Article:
" 'My aunt Betty in Philadelphia sent Chuck's columns, stuffed in envelopes,' said Saunders.

" 'Wow, I thought, you can make a living talking trash.

" 'Chuck was my hero. I knew him for 20 years.

" 'A friend and I called Chuck "Zelig" because he seemed to be in every scene.

" 'Saunders said when he'd write a column that upset a lot of people, more than once when he had self-doubts, Stone's critique was 'f--k 'em!'

"The audience roared with laughter."

Bob Butler, president of NABJ, said, "the Board of Directors last week renamed one of our top Special Honors. This year at the Salute to Excellence gala on August 2, we will be awarding the first Chuck Stone Lifetime Achievement Award."

Howard University journalism student Glynn Hill of Philadelphia on Saturday became the first recipient of a $7,000 scholarship named after Harry McAlpin, the first African American to cover a presidential news conference.

"McAlpin, a correspondent for the Atlanta Daily World, covered his first Oval Office press conference in 1944 over the objection of the Correspondents' Association. At the time, the association was an all-white club and for years it blocked black journalists from attending," as Scott Horsley added April 10 for NPR.

At the dinner, Hill told C-SPAN, "Journalism for me, it sounds kind of cliché, but I do see it as a calling of sorts. They say when you pick a career you pick something that's half what you're good at, half what you really love, and journalism kind of does both those things for me. So, chasing stories, being a reporter — I was editor in chief of the student newspaper this year — but I'm excited as a reporter, you know, just the teaching, the reporting, chasing stories, all that stuff just — it makes me go."

Sara Rafsky, Committee to Protect Journalists: Obama transparency record remains unimpressive

Unity: Journalists for Diversity joined the Asian American Jouranlists Association, a member of the coalition, in saying it was "disappointed in The Detroit News' decision to publish Neal Rubin's column arguing that the beating death of Vincent Chin in 1982 had nothing to do with race.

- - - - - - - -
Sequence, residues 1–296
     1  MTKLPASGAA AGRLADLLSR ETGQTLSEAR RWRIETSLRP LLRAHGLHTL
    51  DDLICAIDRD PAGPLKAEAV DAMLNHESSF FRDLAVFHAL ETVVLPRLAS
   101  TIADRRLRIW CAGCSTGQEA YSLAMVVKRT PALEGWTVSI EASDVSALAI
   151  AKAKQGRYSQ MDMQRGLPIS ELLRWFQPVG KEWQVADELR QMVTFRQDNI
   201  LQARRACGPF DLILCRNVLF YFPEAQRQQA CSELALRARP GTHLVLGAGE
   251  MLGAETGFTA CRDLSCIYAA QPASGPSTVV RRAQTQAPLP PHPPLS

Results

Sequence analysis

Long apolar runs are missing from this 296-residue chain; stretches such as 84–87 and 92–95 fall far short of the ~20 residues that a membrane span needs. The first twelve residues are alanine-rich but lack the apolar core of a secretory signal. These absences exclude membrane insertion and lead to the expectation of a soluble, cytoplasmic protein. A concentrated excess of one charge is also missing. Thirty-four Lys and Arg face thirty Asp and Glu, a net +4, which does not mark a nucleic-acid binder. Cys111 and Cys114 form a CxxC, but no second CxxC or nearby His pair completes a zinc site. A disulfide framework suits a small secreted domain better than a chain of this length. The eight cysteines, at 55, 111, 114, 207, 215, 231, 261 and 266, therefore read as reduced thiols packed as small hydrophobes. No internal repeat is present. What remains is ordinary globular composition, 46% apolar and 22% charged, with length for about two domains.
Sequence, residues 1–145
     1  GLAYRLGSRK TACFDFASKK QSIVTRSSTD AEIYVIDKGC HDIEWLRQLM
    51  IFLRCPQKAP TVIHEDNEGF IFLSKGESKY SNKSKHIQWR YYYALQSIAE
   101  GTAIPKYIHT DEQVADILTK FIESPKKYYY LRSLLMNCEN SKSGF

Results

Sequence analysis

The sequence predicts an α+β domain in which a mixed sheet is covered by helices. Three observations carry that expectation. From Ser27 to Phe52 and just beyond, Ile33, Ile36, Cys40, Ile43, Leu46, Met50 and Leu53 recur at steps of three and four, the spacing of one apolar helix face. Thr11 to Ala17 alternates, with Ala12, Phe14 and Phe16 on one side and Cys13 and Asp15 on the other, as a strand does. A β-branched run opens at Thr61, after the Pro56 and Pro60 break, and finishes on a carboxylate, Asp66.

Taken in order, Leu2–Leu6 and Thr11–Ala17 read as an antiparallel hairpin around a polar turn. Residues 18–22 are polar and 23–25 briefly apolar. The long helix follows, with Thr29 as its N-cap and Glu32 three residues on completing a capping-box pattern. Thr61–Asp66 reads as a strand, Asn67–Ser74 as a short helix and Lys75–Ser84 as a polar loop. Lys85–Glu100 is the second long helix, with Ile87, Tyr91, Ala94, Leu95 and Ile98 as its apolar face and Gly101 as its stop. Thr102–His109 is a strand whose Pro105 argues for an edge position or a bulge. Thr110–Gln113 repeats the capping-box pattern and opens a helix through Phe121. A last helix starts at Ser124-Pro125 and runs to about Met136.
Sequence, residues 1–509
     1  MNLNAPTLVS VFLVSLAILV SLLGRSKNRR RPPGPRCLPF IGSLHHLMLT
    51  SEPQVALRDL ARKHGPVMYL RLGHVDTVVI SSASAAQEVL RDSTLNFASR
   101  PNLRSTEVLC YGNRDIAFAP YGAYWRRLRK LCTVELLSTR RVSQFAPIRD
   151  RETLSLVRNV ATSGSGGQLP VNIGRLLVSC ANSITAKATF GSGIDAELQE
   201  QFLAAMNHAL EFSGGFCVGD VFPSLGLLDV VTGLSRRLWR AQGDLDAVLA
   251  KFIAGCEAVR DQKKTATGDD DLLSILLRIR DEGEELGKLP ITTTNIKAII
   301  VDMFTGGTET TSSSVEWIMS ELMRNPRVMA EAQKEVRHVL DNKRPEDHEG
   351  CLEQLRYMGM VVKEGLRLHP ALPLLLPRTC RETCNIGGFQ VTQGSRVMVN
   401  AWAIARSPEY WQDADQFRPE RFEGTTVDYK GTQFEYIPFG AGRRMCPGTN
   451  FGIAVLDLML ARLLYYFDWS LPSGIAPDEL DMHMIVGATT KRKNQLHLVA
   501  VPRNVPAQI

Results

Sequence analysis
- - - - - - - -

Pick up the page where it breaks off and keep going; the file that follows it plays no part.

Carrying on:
"Rubin constructed his argument on a shoddy foundation of poorly reported facts. Most notably, he failed to even mention that Chin’s assailants used racial epithets. UNITY is also troubled by Rubin's dismissal of a woman's testimony because she was a stripper. "The Detroit News and Neal Rubin owe its readers an apology and an explanation about why changes were made to the column."

The 1982 killing of Chin is credited with sparking the Asian American civil rights movement.

Frances Kai-Hwa Wang website: Remembering Vincent Chin

Frank H. Wu, Detroit News: Race integral part of Vincent Chin case

"The pace of the change wrought by the federal courts was breathtaking," Nikole Hannah-Jones wrote Thursday for ProPublica. "In 1963, about 1 percent of black children in the South attended school with white children. By the early 1970s, the South had been remade — fully 90 percent of black children attended desegregated schools. Court orders proved most successful in the South, but were also used in an attempt to combat de facto segregation in schools across the country, from New York to Michigan to Arizona.

"Today, this once-powerful force is in considerable disarray.

"A ProPublica examination shows that officials in scores of school districts do not know the status of their desegregation orders, have never read them, or erroneously believe that orders have been ended. In many cases, orders have gone unmonitored, sometimes for decades, by the federal agencies charged with enforcing them. . . ."